(Adds comment from FAA, United Airlines in paragraphs 6-7)
By Alwyn Scott
WASHINGTON May 28 The U.S. Federal Aviation
Administration on Wednesday approved extended operations for
Boeing's 787 Dreamliner, a move that will allow a wider
range of routes and that marks a vote of confidence in the
high-tech jet at a time of renewed scrutiny.
The approval, known as ETOPS, will allow airlines to fly
routes that are up to 330 minutes, or 5-1/2 hours, away from a
landing field, versus the 180-minute, or three-hour, limit in
place since the Dreamliner was launched in 2011.
"Granting of the expanded operational permission will allow
airlines to introduce additional routes after they meet the
proof of capabilities requirements and receive approval from
their own regulatory agencies," Boeing said.
The FAA approval formally applies only to U.S. carriers, and
within that group only United Airlines now operates the
787. But regulators in other countries typically follow the
FAA's lead. Airlines apply their own rules for extended
operations and could take time to actually begin flying those
"Airline approval is a completely different process and it
can vary airline by airline," said Boeing spokeswoman Lori
United Airlines called the approval "a positive development"
but said there was no immediate effect on its routes.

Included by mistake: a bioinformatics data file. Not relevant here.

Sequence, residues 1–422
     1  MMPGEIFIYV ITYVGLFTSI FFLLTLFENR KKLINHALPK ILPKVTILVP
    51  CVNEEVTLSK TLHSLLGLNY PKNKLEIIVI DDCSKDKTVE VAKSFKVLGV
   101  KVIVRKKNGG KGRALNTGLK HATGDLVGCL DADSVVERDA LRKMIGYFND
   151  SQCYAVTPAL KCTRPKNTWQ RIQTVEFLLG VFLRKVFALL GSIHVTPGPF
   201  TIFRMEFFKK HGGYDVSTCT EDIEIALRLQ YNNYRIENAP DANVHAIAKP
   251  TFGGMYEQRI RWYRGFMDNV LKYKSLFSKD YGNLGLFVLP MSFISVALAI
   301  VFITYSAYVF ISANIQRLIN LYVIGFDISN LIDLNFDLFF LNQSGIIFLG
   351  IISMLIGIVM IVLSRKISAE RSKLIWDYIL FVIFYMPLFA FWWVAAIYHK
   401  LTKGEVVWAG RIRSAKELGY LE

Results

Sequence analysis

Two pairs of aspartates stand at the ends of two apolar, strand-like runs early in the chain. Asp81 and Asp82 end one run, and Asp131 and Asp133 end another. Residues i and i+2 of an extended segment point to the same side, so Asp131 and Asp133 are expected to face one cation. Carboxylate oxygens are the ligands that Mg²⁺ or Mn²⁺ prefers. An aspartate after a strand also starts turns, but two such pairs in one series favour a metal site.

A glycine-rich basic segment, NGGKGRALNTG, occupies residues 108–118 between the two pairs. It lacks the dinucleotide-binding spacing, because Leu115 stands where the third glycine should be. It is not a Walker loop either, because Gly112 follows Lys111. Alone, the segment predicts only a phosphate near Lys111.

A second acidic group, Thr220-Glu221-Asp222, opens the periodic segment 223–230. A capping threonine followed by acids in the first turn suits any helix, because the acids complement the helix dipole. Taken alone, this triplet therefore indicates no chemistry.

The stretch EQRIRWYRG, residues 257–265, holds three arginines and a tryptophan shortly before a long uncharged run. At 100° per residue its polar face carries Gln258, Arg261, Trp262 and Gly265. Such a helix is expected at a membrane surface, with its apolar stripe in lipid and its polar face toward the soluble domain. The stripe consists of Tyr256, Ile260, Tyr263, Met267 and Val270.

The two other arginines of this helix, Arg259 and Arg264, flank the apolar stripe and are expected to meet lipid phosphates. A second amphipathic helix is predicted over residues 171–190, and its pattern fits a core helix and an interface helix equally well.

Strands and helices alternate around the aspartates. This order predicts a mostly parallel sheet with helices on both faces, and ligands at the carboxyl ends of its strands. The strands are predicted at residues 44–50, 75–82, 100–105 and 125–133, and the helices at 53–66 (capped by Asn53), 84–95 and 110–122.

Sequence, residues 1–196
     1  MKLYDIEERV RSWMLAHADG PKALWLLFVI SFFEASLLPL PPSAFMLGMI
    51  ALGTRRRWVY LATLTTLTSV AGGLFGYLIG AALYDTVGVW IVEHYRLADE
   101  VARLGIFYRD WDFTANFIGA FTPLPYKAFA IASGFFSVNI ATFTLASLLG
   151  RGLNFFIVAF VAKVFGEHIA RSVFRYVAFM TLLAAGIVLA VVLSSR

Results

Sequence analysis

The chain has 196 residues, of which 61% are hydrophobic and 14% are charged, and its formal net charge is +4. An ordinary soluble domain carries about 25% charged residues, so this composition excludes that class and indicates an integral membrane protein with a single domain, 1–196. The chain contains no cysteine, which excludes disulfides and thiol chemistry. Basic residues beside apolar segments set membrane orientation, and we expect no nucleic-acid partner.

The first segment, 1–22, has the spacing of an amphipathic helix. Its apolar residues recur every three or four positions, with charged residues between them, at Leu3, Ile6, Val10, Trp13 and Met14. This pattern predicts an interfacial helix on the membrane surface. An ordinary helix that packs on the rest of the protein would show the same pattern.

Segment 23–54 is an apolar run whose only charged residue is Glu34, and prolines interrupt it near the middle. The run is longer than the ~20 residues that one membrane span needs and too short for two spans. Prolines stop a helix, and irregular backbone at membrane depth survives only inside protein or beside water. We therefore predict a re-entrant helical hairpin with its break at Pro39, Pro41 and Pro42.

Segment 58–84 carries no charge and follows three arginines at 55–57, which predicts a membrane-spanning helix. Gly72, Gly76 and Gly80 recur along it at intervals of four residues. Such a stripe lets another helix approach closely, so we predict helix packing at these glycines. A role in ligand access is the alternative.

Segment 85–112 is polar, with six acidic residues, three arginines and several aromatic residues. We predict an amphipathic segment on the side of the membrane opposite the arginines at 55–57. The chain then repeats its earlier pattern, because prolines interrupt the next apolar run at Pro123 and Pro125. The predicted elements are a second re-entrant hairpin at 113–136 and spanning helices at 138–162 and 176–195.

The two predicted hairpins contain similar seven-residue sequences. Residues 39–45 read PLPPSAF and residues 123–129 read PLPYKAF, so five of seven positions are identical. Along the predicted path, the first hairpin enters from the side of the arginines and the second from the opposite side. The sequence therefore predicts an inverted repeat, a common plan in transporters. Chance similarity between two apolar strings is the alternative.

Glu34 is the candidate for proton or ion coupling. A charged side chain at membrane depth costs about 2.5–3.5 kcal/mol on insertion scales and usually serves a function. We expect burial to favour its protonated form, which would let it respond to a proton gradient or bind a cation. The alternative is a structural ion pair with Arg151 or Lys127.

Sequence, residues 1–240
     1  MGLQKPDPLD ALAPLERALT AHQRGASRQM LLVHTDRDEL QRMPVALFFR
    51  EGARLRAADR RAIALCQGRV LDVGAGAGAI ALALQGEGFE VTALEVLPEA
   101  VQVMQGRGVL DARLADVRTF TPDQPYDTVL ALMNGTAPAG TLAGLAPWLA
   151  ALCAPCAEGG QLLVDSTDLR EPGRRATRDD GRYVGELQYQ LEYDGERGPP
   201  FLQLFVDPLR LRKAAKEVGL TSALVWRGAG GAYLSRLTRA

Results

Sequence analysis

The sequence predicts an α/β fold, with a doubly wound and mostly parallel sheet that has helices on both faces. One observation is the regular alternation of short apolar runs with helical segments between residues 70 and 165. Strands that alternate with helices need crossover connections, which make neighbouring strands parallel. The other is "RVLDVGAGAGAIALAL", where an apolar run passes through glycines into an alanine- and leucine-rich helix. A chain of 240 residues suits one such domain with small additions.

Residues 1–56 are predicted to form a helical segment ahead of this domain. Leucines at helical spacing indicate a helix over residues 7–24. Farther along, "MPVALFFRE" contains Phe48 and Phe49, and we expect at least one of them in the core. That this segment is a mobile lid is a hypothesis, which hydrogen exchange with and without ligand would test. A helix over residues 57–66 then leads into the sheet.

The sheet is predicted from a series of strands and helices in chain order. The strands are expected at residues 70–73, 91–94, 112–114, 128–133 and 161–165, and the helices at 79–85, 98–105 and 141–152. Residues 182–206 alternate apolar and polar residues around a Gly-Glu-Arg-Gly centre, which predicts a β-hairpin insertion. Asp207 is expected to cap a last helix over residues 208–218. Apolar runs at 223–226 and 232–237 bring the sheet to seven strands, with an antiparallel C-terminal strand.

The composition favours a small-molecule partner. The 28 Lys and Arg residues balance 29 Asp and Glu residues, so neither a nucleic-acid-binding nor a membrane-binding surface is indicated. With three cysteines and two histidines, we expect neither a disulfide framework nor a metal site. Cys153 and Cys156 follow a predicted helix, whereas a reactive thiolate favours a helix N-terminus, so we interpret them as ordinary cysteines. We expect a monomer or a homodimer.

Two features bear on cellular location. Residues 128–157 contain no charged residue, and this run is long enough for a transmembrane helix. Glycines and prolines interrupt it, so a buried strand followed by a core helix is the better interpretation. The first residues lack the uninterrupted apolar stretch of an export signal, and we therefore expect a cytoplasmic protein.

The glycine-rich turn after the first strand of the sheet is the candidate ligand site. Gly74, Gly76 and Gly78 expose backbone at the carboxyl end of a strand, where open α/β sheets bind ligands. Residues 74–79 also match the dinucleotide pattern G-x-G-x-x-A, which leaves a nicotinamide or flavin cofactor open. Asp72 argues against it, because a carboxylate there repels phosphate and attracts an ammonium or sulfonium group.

The FAA said its decision reflected the 787's "reliability
history" and Boeing's "effectiveness at addressing relevant
issues during 250,000 hours of service" for each of the plane's
two engine types.
Last week, the U.S. National Transportation Safety Board
urged further testing for the 787 to ensure that large
lithium-ion batteries the plane uses are safe from overheating
The NTSB recommendations came even before it had finished
investigating what caused a battery to burn on a Japan Airlines
Co 787 in January 2013. Another battery overheated on
an All Nippon Airways plane later the same month,
prompting regulators to ground the global fleet until April that
year. Boeing redesigned the battery and charger and designed a
steel box to contain fires and vent hot gasses outside the
The NTSB said tests originally devised to ensure the
batteries were safe were insufficient, since they did not
produce the conditions that occurred in the actual battery
incidents. The board also said outside experts should be
consulting in designing tests.
The NTSB recommendations "are logical because we don't know
yet what were the root cause or causes," said Hans Weber, a
former FAA adviser and president of TECOP International, an
aerospace consulting firm based in San Diego, California.
The FAA approval nevertheless moves airlines an important
step closer to tapping the full potential of the Dreamliner,
which burns 15 percent less fuel than the Boeing 767.
The approval was of little concern to investors, one Wall
Street analyst said. Boeing's stock was up 0.4 percent at
But the approval appeared to come sooner than expected and
its timing was seen by some as a sign of continuing tension
between the two agencies, one charged with investigating
accidents and the other with ensuring safety.
"It certainly does seem like there's some conflict between
the NTSB and the FAA," said Richard Aboulafia, an analyst at the
Teal Group in Fairfax, Virginia.
(Additional reporting by Ros Krasny; Editing by Marguerita Choy
and Eric Walsh)